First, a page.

A course correction to a wayward life.
by Kathy Pierson
I moaned as the paramedics transferred me from their stretcher to the hospital bed. The ER staff converged upon me, cut away my clothes, draped a sheet over my shivering body, and whisked me away for X-rays.
“Lord,” I prayed, “is this horrible car accident Your way of stopping my downward spiritual spiral?”
Only God understood that prayer. Four years earlier, I’d given control of my life to the Lord. However, since that time, I took some wrong turns in my relationship with God and made several poor moral choices.
Although active in our church, I now led a hypocritical life of unfaithfulness to God and to my husband. Despite fear and horrible pain from the accident, I felt strangely at peace knowing God loved me enough to stop me from going any further.
That hot July day in 1975 had started so well. My husband and I stopped at my mom’s house to pick up a blanket before heading to the beach. We were only twenty years old and married a little over a year.
Gary sat behind the wheel of my 1964 Dodge. A gravel truck rumbled ahead in the other lane. Then, without warning, the ten-wheeler made a right turn in front of us.
“That truck!” Gary shouted.
I looked up from my lap and screamed. I threw my hands over my eyes just before we crashed into one of the large tires just behind the truck’s gas tank.
Neither of us had our seatbelts on.
I flew forward, both arms smashing into the dashboard. My face came up under the rearview mirror, and the bare metal tore deep into my forehead and upper lip. Propelled back again, my head landed against my husband’s shoulder.
Once the car stopped, my husband pulled off the bandana I wore and held it on the large gash across my forehead. I heard sirens and commotion around our car, but glass shards from the mirror made it impossible to open my eyes.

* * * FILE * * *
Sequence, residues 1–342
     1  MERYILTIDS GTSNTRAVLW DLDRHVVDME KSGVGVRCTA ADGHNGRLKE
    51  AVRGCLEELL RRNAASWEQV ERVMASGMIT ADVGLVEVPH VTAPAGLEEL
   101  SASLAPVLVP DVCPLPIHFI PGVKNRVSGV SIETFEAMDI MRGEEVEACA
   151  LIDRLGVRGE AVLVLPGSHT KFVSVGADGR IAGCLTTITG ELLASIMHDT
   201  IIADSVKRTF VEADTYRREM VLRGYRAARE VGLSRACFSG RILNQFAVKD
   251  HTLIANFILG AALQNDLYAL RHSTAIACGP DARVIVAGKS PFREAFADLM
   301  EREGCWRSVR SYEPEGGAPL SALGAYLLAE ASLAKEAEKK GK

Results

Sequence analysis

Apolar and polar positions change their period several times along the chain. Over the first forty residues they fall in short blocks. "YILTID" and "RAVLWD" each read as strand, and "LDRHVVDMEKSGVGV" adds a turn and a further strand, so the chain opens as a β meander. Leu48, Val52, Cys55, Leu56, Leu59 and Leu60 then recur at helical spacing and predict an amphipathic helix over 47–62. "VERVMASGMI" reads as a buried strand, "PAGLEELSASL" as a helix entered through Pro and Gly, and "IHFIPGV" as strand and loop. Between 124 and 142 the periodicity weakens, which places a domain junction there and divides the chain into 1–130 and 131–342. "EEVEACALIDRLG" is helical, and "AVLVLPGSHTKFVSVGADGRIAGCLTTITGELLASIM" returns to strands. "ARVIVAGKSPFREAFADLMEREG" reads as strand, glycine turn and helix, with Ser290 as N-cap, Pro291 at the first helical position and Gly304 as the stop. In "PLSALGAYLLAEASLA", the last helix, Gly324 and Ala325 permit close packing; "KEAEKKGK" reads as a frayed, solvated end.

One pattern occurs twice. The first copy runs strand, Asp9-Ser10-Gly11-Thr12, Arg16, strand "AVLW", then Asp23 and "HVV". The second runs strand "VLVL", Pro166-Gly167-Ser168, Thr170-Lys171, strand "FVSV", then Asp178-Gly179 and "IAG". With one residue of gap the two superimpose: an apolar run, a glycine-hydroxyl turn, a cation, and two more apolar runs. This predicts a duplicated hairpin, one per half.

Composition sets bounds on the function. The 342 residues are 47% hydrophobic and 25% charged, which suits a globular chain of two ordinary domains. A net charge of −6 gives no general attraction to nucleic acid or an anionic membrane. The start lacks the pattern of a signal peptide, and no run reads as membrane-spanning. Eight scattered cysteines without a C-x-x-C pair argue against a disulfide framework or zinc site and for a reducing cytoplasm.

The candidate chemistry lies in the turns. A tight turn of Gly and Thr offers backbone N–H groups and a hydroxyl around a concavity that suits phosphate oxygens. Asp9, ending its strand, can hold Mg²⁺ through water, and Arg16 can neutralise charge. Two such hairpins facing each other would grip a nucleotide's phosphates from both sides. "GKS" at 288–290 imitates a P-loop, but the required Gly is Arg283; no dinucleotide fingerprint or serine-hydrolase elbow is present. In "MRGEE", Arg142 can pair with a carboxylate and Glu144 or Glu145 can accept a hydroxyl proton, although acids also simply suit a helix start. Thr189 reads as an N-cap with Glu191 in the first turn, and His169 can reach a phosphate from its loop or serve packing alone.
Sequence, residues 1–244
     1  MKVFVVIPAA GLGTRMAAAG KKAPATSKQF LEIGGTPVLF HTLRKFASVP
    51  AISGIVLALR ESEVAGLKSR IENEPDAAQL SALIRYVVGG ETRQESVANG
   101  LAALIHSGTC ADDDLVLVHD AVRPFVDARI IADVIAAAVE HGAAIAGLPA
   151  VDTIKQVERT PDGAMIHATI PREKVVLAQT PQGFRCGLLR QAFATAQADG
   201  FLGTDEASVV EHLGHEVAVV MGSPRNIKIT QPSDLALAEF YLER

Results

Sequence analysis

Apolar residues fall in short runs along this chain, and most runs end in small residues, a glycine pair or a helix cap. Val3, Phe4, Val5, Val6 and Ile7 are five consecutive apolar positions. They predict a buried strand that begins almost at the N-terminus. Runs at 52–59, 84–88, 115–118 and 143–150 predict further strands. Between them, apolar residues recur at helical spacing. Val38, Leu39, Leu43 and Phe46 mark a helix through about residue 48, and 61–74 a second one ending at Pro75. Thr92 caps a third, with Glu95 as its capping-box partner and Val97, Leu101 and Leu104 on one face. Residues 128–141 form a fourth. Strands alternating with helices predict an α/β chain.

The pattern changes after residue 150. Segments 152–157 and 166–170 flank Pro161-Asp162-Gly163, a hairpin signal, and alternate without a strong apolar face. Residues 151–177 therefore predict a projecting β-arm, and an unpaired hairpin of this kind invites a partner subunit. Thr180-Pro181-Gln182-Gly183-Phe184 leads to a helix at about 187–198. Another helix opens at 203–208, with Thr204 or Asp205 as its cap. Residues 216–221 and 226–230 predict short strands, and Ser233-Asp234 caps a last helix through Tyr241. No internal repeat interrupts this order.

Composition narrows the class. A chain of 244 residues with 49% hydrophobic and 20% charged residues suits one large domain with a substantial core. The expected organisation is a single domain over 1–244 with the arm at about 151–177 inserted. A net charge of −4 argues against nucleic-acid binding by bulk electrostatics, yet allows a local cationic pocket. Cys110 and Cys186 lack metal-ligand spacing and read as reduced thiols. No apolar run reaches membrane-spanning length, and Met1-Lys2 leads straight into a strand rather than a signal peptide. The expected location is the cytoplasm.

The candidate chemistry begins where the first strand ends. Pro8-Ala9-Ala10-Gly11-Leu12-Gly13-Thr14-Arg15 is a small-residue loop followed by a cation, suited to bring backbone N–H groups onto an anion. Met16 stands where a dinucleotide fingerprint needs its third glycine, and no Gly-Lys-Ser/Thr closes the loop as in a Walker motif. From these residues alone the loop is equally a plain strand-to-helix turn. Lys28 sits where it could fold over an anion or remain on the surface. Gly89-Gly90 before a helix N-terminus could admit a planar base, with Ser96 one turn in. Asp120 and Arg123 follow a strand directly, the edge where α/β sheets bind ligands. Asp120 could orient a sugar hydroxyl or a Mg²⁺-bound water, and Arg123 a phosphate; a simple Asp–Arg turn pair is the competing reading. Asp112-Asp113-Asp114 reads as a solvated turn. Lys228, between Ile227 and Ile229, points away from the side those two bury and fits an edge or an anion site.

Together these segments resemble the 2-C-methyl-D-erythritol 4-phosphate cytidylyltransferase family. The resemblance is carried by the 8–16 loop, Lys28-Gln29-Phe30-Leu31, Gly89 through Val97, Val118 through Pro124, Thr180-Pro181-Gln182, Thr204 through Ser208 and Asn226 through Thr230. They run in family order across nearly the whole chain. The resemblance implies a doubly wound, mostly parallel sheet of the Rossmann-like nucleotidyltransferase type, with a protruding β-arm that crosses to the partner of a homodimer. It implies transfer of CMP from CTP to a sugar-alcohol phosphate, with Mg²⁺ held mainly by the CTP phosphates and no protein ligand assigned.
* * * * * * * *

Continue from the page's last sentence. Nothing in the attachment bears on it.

“I’m a paramedic,” a voice said. “I need to place this collar around your neck.” Someone held my head while Gary slid from the driver’s seat. “Let’s get her in the ambulance. We’ll assess her injuries on the way to the hospital.”
In the following hours, family members floated in and out of my room in the ER. When my mother and sister came in, they took one look at my swollen face and gasped.
Mom wiped tears from her eyes. “I heard sirens just after you left, but it never occurred to me they were for you.”
Although many attended to my physical injuries, no one could relieve the weight of my emotional pain. Later, when alone with my sister, I began to sob. She placed her hand on mine and wept with me. She had no idea I had been running hard from God and led a double life.
But as I lay broken in that bed, I knew I’d reached a turning point in my life. I needed to let God work on my heart just as the doctors worked on my body.
Before long, a fresh-out-of-college orthopedic surgeon arrived, clad in a bright Hawaiian shirt. “You’re one lucky young lady,” he said. “Your left arm is broken, as well as your right wrist and ring finger, but you have no internal injuries.”
Knowing luck had nothing to do with it, I thanked God for sparing me from anything more serious.